In Eski Bedesteni the main activities were the jewelry trade and the slave auctions. The slave trade was outlawed in 1847. In addition, the bedesten was also used by merchants of the bazaar as safe deposit of money and more valuable goods. Currently the ground floor is occupied by numerous small wooden shops.

The second bedesten, “Novo”, “Pequeno” or “Sandálias” (in Turkish: Yeni Bedesten, Bedestan-i Cedid, Küçük Bedesten or Bezzaziye-i Sugra) is located southeast of the first, to the Nuruosmaniye Mosque. It is a rectangular enclosure walled 38.8 by 32 meters, covered by four rows of five small domes that are supported by twelve pillars. The entrance is made by four doors in the center of each facade.

The Bedestens occupy only a small part of the gigantic market, where in addition to many hundreds of shops and small hans workshops there are cafes, restaurants, small mosques (mescits), fountains, banks, a post office, a police station.

The Grand Bazaar functioned as a (distribution) supply market, by which it passed most of the goods before being distributed to other markets in the city or to the craftsmen’s workshops, many of which were also located in the Grand Bazaar. The name of the streets of the market corresponds to the activities that developed there, whether they were of manufacture or only of commerce.

Currently the bazaar has the same limits as in 1894, when major restoration and restructuring works took place, with 61 streets in a total area of ​​30.7 ha.

Note from guide 3: Sometimes the customer does not want our company in the bazaar. We understand the case and leave it at ease and set the meeting point and time. Only I recommend that you have a local mate. Because when a tourist enters the bazaar, the sellers arrive to offer teas or invite to enter his store. At first, this idea of ​​receiving the bazaar staff invitations appears handsome. But this comes at a time that tires. Even suddenly, this exotic environment has become a haunting chaos. But if you are accompanied, staff of the bazaar, will have a more formal attitude with you telling you that you are accompanied.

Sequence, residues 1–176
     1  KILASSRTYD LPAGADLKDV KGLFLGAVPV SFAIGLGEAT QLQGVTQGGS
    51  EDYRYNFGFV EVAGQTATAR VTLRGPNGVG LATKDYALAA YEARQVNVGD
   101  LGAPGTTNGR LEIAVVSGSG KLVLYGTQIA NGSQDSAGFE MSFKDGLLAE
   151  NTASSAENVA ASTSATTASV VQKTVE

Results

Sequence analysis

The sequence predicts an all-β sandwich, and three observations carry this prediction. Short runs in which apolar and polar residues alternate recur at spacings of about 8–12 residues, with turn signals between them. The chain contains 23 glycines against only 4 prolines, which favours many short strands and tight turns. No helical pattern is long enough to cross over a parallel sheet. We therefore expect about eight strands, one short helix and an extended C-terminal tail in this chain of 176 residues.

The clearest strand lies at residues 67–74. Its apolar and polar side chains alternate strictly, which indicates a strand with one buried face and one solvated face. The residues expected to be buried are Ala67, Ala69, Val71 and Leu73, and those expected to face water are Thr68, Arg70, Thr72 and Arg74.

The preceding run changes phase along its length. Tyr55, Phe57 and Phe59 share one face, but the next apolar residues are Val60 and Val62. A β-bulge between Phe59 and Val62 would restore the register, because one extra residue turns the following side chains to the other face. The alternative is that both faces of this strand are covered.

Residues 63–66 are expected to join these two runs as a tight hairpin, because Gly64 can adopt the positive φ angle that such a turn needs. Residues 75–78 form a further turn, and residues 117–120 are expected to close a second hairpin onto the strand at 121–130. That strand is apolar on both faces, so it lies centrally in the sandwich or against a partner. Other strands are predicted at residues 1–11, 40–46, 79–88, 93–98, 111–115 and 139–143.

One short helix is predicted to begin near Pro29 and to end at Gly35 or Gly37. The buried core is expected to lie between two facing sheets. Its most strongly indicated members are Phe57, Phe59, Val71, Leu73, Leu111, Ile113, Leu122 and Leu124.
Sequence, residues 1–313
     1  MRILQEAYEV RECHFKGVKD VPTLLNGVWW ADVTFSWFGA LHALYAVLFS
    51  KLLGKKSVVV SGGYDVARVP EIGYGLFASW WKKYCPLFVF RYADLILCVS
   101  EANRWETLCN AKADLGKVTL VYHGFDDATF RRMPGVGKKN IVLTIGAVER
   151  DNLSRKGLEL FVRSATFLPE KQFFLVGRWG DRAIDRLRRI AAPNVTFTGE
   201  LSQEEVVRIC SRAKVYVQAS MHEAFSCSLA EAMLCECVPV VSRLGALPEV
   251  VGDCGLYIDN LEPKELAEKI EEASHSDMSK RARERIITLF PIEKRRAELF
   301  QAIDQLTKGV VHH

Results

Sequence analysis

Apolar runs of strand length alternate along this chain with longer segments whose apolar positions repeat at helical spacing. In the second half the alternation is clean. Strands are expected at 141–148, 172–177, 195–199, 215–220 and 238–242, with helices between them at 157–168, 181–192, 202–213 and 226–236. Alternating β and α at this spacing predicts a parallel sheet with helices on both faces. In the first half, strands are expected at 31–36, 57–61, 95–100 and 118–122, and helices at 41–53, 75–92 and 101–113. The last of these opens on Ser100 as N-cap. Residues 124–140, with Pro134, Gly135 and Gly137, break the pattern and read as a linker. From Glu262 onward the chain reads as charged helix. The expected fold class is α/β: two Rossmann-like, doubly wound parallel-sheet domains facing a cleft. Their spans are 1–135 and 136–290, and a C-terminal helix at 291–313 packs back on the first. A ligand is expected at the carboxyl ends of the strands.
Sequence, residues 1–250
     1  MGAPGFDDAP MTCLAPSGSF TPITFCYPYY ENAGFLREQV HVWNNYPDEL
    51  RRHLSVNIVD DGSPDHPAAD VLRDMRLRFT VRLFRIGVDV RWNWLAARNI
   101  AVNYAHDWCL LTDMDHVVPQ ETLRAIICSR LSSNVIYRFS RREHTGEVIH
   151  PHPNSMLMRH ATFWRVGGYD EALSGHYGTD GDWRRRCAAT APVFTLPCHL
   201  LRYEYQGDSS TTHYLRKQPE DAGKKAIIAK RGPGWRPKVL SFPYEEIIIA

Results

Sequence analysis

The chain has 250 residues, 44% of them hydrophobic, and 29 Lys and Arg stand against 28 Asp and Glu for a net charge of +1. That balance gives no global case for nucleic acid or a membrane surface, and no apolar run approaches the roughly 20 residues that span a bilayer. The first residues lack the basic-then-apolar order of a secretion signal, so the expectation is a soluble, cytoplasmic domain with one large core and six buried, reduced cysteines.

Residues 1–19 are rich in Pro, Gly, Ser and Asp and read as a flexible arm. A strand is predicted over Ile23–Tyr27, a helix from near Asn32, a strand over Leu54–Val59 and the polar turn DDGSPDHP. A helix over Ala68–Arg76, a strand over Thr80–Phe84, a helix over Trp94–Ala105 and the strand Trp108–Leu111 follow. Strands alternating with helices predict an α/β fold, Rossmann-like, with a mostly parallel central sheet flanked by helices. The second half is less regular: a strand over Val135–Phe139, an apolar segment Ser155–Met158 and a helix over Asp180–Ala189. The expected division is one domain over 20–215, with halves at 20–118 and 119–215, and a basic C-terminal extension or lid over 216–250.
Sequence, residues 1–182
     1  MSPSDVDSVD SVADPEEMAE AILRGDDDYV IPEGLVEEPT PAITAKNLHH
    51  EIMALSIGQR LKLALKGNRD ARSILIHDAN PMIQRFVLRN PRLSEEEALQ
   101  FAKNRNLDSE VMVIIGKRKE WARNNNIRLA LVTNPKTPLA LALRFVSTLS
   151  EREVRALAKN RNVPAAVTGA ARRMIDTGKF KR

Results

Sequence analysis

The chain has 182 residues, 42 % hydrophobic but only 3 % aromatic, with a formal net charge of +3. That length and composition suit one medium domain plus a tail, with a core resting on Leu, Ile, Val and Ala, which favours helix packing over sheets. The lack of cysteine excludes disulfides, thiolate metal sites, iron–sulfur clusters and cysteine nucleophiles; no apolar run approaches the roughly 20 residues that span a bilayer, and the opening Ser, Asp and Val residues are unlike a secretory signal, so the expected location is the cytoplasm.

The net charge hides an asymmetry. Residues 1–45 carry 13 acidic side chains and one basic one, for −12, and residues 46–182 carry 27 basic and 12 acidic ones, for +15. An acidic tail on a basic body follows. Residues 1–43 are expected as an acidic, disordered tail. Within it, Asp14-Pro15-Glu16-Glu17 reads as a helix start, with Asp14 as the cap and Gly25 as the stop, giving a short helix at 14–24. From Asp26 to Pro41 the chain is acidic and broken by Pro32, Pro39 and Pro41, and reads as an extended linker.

The main square of the Grand Bazaar has four entrances, one at each end of the main streets, north-south, Yağlıkçılar (from lamp manufacturers), and east-west, Kalpakçılar (from the leather hatkeepers), which intersect near the southwest corner. Kalpakçılar links the Nuruosmaniye and Bayezid II mosques. In each of the outer entrances there is a large iron gate. These gates were closed outside the hours of service and the place was guarded by personnel hired by the guild that administered the bazaar.


Although it is known that the old Constantinople had a large market with a structure similar to the Ottoman Grand Bazaar, that is to say, a mixed space of commerce and small industry, but it is not known where it was located. Nor is it known what would have existed before the Ottoman revival.